Tor Browser Zero-Day Exploits Bounty

Zerodium, a company that buys exploits to sell to government agencies, is offering up to $1 million for zero-days affecting the Tor Browser.

In a bug acquisition program launched today, the company says it's interested in Tor Browser exploits that "[lead] to remote code execution on the targeted OS either with privileges of the current user or with unrestricted root/SYSTEM privileges."

The company said it's searching for exploits that work on Tails — a privacy-hardened version of Linux — and Windows.

Zerodium wants no-user-interaction Tor Browser exploits

The exploit broker is interested in high-complexity exploits that do not require user interaction or show any errors or popups. Zerodium said it's looking for zero-days that require users only to visit a web page.

The company is not picky, accepting zero-days that work against Tor Browser instances running with security settings set to "high" (JavaScript disabled) or security settings set to "low" (default Tor Browser configuration).

Zerodium has been running an exploit acquisition programs for years, and lists two price tables on its website, for desktop/server-related exploits, and for app/mobile-related zero-days.

Zerodium price list - desktop/server


Zerodium price list - app/mobile


The company was already willing to dish out a maximum of $100,000 per Tor Browser exploits, under normal circumstances.

The recently launched "Tor Browser Zero-Day Bounty" comes with special prices, above the previous price points.

Software / OS JavaScript Blocked
(Security Settings: HIGH)
JavaScript Allowed (Default)
(Security Settings: Low)
Tor Browser on Tails 3.x (64bit)
on Windows 10 RS3/RS2 (64bit)
$250,000 $185,000 $125,000 $85,000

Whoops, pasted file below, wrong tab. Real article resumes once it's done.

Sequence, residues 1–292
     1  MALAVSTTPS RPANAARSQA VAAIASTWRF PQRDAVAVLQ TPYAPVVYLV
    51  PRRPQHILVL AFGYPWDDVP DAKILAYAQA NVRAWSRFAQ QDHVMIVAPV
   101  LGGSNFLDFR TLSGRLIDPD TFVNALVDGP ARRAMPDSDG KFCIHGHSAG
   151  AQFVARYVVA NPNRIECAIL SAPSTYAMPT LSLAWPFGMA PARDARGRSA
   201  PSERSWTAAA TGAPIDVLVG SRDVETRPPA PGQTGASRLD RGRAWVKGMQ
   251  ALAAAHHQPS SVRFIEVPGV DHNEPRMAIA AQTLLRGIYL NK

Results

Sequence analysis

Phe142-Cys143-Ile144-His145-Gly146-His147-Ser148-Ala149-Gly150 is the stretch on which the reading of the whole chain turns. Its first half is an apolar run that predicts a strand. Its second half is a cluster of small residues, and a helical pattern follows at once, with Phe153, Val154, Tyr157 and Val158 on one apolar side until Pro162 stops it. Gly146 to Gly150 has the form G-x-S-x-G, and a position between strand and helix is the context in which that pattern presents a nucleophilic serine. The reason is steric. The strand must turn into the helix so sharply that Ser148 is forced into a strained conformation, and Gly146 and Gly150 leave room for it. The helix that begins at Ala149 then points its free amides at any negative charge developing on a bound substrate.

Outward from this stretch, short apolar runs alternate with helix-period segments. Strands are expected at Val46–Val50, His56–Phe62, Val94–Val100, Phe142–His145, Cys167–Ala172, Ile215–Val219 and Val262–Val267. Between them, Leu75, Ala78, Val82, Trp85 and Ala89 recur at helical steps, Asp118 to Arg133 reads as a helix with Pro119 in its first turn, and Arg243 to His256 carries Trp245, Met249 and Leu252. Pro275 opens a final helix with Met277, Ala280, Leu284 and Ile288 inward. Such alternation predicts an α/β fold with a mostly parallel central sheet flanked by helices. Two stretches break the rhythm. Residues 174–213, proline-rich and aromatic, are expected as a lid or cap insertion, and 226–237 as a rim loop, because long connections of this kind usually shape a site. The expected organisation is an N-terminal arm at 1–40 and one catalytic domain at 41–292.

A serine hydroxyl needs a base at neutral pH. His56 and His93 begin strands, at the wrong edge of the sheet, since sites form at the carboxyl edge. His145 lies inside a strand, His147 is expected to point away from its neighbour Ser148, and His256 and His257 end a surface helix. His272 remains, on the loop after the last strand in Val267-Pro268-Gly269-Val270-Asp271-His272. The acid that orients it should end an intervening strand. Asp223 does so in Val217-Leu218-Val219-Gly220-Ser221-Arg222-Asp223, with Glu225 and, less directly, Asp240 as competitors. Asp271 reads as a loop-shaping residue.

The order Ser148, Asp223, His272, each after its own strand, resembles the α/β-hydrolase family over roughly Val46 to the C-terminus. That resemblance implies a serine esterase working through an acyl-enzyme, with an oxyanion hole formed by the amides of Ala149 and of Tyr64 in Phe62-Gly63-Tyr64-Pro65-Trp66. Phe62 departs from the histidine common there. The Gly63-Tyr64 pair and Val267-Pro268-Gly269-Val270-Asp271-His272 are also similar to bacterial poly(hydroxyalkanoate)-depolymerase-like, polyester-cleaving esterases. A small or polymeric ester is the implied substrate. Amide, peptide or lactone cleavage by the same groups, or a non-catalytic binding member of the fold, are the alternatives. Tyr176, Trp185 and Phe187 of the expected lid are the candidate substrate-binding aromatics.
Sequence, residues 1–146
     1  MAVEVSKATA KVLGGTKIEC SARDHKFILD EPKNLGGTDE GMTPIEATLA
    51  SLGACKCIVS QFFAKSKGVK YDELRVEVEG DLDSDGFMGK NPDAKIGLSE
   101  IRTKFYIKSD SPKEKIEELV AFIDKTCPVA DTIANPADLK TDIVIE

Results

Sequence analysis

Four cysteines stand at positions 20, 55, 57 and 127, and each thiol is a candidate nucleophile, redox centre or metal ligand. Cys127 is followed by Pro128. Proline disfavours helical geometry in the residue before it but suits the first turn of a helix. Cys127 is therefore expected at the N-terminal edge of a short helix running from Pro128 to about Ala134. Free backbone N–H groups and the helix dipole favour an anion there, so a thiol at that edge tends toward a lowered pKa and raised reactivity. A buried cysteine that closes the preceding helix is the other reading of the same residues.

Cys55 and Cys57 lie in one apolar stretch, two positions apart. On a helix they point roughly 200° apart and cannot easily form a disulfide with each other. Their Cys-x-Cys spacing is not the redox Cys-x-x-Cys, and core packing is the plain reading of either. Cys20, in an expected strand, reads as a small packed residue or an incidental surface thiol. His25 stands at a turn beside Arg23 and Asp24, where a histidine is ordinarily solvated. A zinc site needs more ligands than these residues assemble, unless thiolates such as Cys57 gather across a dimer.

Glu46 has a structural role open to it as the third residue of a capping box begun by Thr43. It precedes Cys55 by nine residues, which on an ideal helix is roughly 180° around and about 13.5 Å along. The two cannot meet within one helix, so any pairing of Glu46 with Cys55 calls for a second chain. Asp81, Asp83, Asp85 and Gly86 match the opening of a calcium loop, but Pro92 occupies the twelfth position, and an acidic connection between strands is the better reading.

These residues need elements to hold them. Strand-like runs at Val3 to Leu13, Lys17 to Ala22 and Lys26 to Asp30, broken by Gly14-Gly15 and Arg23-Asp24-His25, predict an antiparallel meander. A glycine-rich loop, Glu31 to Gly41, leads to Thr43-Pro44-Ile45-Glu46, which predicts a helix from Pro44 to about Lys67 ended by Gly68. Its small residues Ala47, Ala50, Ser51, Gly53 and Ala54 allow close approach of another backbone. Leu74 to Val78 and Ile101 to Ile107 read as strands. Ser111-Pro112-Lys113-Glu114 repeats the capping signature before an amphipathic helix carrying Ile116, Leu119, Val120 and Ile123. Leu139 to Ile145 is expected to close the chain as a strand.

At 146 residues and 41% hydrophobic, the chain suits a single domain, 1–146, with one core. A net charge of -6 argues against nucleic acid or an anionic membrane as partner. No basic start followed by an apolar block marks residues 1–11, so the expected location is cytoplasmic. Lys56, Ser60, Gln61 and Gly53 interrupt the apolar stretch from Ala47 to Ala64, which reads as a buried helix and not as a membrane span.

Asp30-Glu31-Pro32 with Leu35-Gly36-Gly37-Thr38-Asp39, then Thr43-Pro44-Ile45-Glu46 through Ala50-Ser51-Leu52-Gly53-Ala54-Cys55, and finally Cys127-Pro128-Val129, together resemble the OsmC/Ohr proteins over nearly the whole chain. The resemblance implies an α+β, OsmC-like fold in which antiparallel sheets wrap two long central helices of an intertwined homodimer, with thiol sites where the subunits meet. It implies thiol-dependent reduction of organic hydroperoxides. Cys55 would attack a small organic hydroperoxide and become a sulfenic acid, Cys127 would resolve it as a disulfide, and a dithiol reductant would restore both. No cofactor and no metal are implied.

Tor Browser on Tails 3.x (64bit)
on Windows 10 RS3/RS2 (64bit)
$200,000 $175,000 $100,000 $75,000

Governments looking for a way to deanonymize Tor users

In a FAQ section on its website, Zerodium says it launched this special Tor Browser zero-day acquisition program in response to government agencies looking for tools that deanonymize Tor users.

"The Tor network and browser are, in many cases, used by ugly people to conduct activities such as drug trafficking or child abuse," Zerodium explains. "We have launched this special bounty for Tor Browser zero-days to help our government customers fight crime and make the world a better and safer place for all."

As a result, the company has set aside a budget of $1,000,000 that it will use to pay zero-days submitted during this urgent run on Tor Browser exploits. Once the budget is exhausted, the company will revert to the old prices, which aren't that small either, far above what official bug bounty programs pay out.

"The [Tor Browser] zero-day prices are very high," said a Romanian bug bounty hunter who wanted to remain anonymous for this article. "But Tor is hard to crack. Getting RCE on Tails is almost impossible, imho. If I have that I'm selling the exploit for $1,000,000 easily on my own."

Many security researchers usually stay away from companies like Zerodium on moral grounds. Exploit brokers like Zerodium, HackingTeam, or FinFisher buy exploits and assemble them into surveillance and spyware tools that often make their way into the hands of oppressive regimes that later use these tools to spy, hunt, and catch political adversaries, journalists, disidents, and others.

Last month, Zerodium updated its price chart to include fees for zero-days discovered in encrypted IM clients, such as Signal, WhatsApp, Telegram, Viber, iMessage, Facebook Messenger, or WeChat. Based on the exploit's efficiency, the company was willing to pay up to $500,000 for such exploits. Encrypted IM apps have also become a favorite among both the criminal underground and dissidents and privacy-conscious users alike.

Image credits: Zerodium

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